Ben Silverman

We have a winner for the worst color in the world. The international market research agency GfK, tasked with creating an anti-smoking campaign for cigarette packaging, asked a pool of thousands of smokers what the least appealing color is. The consensus is that Pantone 448 C is the “ugliest” shade, and at first glance it’s certainly not pretty. Most respondents associated it with “death” and “tar,” and agreed that it is the perfect choice for dissuading people from purchasing tobacco.

Pantone 448 C (#4A412A), the world's "ugliest" color
Pantone 448 C (#4A412A), the world’s „ugliest“ color

However Brafton Graphic Designer Bradley Devereaux isn’t convinced that it’s inherently unappealing. “Some colors are more suited for certain marketing tactics,” he asserted as he started up Illustrator, ready to prove GfK and the world wrong. “You shouldn’t judge a color in isolation; every color has equal potential when it comes to graphic design, marketing and even art.”

The lesson for marketers in all this colorful talk? You don’t always have to follow best practices.

“Best practices are suggestions. Work on a case-by-case basis, and do what works for each project.” -Bradley Devereaux, Graphic Designer

Set yourself apart from the rest of the noise by doing the unexpected. By getting out of the habit of coloring inside the broadly accepted guidelines, and instead drawing a picture of what marketing looks like to you, your possibilities are endless.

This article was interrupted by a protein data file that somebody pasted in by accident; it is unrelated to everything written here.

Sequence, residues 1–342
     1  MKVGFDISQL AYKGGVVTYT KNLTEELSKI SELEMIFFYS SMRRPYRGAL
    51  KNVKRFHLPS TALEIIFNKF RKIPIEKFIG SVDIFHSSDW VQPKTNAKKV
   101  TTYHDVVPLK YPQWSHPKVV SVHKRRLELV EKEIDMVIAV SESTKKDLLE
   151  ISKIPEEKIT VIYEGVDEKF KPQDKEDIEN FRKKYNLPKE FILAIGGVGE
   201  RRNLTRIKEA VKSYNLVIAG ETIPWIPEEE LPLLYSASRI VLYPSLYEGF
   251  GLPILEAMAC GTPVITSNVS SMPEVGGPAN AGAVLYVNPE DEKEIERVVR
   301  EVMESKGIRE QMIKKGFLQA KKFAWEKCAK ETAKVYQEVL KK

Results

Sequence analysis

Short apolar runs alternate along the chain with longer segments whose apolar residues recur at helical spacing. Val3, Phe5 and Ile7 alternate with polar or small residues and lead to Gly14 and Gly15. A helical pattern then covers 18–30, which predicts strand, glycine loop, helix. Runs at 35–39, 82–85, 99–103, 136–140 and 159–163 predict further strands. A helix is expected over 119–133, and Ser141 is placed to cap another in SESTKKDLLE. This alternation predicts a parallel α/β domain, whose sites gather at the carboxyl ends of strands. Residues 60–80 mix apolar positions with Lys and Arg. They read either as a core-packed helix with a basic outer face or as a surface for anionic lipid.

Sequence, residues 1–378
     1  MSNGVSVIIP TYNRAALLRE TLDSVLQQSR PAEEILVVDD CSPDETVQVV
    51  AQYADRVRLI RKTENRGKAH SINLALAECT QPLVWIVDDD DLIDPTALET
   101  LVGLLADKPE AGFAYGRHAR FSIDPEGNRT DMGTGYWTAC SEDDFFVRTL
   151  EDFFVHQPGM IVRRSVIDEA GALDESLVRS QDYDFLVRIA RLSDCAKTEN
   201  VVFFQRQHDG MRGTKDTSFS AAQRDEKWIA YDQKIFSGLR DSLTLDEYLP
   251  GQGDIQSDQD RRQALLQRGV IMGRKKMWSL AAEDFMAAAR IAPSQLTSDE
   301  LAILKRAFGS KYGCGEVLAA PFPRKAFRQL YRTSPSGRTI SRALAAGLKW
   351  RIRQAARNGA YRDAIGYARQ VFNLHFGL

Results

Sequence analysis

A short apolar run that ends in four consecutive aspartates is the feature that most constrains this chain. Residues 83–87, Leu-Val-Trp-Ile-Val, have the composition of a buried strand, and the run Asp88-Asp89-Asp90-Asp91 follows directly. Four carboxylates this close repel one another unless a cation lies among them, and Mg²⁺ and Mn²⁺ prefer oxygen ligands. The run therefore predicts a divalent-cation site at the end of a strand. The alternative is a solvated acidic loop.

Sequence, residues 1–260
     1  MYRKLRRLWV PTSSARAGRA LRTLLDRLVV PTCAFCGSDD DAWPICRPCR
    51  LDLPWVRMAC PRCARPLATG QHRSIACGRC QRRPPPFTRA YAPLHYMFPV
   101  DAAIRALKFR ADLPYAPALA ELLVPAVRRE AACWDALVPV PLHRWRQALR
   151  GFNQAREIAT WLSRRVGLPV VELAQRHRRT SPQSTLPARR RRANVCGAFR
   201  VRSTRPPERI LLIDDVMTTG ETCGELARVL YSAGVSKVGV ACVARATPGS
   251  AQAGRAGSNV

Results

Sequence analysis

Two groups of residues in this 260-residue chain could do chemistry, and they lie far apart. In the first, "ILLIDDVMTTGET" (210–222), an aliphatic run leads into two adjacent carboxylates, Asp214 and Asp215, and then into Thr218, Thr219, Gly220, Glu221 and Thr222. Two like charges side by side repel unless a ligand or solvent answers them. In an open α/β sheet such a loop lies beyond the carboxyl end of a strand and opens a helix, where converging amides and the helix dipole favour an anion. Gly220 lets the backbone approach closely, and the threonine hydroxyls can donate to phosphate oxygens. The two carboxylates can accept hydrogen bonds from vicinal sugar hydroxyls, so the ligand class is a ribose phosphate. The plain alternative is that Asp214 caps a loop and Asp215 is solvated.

Just because popular opinions indicate that you shouldn’t use a certain color or create content in a particular way, doesn’t mean you have to listen to them. In fact, Bradley took this revelation as a challenge, and made me a quick graphic that used the color in a positive light. I’m tempted to print it out and hang it on my office door.

Pantone 448 C, when used in graphic design

I’m not saying I’m planning on using this as my business card anytime soon, but the earth tones, textures and general resourcefulness of the image prove that good design trumps common opinion.

Bradley’s not the only one who feels this way about Pantone 448 C. In fact, you can find the color in da Vinci’s Mona Lisa, as well as in some of nature’s most beautiful plants and animals. Cosmopolitan’s recent list of 18 beautiful uses of the sludgy green-brown color shows its glamorous side in fashion, design, architecture and nature (and even outer space).

If our designer can make an impact with just one color, imagine what you could do with your strategy if you start to challenge other marketing standards.